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How to Become a Landlord: 7 Steps for Making it Happen

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Are you interested in generating passive income by managing a rental property? Rental income can cover your mortgage payment, offering financial security, particularly if you become a successful landlord. If you’re not sure where to start, look no further than this comprehensive guide. 

We’ll walk you through each step of the process, starting with purchasing your first rental property. We recommend reading through this guide at least once all the way through, then using the links below to jump to any sections you’d like to revisit. Let’s get started!

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1. Buying Rental Property

points to consider when buying rental property

Buying a rental property is the first step to becoming a landlord, and arguably the most important. That’s why keeping the marketability of your future rental property top of mind is crucial to becoming a successful landlord. While the most affordable property might seem enticing, it may not be the best investment strategy. 

When considering which piece of real estate to buy, first-time landlords must put themselves in their prospective tenant’s shoes. What’s the neighborhood like? Is it established or up-and-coming? If the rental will be marketed towards a family, are there quality schools in the district? If the rental is geared towards a younger generation of tenants, is there easy access to public transportation, restaurants, and shopping? 

Understanding who your potential renter will be will help you evaluate the property through a different lens. After all, the profitability of the rental hinges on finding and keeping great tenants, and that starts with having a clear vision of who that may be.  

You’ll also want to consider how close the rental is to your permanent home. Unless you hire a property management company, you’ll likely be responsible for showing the property along with taking care of maintenance issues, tenant lockouts, and general property upkeep. Your time is valuable, so factor in how often you will have to visit the rental property when looking at your local real estate market.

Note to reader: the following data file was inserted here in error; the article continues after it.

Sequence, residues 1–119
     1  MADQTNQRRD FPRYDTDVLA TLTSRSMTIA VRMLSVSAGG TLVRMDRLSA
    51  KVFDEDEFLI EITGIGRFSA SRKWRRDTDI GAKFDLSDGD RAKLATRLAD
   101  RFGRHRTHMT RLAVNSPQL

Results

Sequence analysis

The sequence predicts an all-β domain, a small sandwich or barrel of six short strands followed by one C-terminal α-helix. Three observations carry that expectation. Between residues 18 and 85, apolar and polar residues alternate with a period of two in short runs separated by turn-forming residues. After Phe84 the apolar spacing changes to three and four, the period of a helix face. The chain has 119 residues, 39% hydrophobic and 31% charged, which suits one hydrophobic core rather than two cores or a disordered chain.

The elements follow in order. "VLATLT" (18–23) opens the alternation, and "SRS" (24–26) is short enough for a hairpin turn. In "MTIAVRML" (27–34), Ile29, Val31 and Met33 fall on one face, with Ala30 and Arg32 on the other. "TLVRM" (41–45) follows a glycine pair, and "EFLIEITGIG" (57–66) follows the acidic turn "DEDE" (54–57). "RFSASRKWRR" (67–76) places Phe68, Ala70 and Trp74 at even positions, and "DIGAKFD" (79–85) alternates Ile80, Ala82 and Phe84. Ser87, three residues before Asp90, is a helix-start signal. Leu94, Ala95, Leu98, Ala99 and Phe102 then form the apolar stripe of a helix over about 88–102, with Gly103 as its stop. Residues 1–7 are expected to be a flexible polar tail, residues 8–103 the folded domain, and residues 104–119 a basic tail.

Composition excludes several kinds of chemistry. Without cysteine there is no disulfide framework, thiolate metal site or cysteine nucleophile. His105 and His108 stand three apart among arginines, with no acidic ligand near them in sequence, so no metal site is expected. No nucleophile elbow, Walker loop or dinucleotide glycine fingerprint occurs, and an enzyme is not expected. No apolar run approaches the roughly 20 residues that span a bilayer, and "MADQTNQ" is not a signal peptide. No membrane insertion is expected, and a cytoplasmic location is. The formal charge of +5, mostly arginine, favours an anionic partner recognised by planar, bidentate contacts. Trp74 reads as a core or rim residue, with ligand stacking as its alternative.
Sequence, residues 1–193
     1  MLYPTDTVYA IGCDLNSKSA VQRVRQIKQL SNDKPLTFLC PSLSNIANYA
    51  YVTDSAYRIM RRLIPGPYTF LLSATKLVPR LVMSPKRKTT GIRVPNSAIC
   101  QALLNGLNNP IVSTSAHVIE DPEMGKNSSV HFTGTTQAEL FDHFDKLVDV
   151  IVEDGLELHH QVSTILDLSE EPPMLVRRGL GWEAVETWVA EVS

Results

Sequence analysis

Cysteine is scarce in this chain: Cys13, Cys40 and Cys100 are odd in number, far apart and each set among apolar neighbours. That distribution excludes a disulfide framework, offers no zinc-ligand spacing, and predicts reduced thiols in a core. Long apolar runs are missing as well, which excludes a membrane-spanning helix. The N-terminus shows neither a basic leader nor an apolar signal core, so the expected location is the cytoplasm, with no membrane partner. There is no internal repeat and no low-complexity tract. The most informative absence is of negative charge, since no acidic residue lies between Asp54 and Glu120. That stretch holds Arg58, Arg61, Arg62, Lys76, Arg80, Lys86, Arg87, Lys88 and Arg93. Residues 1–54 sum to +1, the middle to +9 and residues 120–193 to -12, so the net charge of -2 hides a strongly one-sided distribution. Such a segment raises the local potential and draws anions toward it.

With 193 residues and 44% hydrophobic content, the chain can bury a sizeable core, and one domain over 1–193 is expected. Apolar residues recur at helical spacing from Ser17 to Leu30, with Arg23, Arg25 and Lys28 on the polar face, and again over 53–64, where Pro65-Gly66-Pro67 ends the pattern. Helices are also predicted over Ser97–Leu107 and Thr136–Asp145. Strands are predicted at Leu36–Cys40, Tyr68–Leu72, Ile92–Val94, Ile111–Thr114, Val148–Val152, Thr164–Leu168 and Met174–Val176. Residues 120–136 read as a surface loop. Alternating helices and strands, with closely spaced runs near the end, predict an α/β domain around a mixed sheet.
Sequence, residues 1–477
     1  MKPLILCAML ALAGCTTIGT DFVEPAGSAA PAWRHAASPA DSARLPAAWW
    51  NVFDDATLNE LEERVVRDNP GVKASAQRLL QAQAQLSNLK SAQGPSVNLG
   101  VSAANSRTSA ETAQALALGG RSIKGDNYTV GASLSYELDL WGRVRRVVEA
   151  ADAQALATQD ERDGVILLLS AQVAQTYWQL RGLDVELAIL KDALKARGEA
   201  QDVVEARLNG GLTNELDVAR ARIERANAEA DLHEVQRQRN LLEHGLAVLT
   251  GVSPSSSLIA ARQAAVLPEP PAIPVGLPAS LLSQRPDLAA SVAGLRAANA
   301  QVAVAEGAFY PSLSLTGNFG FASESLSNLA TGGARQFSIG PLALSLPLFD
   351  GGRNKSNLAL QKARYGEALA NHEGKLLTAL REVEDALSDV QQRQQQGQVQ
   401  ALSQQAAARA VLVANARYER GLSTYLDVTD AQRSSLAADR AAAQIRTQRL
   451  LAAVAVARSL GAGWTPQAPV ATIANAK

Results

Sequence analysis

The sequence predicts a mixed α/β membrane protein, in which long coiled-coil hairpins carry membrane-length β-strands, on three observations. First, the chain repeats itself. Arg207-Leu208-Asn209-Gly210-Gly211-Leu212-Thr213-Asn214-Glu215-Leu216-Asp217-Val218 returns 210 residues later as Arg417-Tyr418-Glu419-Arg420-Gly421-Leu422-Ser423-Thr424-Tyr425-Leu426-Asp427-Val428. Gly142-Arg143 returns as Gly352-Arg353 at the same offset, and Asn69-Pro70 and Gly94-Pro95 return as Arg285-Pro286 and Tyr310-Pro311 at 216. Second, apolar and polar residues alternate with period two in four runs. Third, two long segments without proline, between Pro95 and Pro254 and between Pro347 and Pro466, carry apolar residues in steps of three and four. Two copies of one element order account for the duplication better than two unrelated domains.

PRO TIP: If finding a rental unit is stressing you out, contact a local real estate agent. They can schedule walk-throughs for you and answer any real estate-related questions you have about buying your first investment property!

How to Price a Rental Property

points to consider when pricing your rental

Setting your rental price can be tricky. You want to make sure that you set it high enough to cover all of your expenses and provide a nice cash flow if possible, but not too high since that could lead to occupancy issues. 

Curious what you should charge for rent to be competitive in your local market? It’s crucial to…

Know Your Competition

You will want to do a thorough analysis of rental prices in the neighborhood or building where your property is located. Your potential tenants will be doing this too, so you need to understand where you fit and why. Find a nearby property with similar square footage, bedrooms, bathrooms, and amenities as your starting point. 

If you have more amenities (such as a newer property, parking, lawn care, etc.), take these features into consideration when pricing your rental. 

Another benefit of researching the competition yourself is seeing how other landlords are marketing their properties, including their descriptions, photos, and policies. Take note of any listings that catch your eye. Ask yourself why they stood out to you so you can use the same tactics when marketing your rental. Then, run a rent estimate report to ensure your pricing is competitive.

If you’re looking for more marketing tips, this blog can help!

2. How to Become a Landlord: Getting Prepared

tips for becoming a landlord

Successful landlords put processes and procedures in place from the beginning that uphold Fair Housing laws (along with local and federal laws). Follow our tips below to build a proper foundation for your real estate investment.

Secure the Documents Every New Landlord Needs

The best thing you can do to protect yourself as a landlord is to keep proper documentation whenever you are interacting with your tenants and keep those records on file even after the tenancy is done. In some states, you’ll want to save that information for as long as six years, but again, check your local and state laws for specific timelines.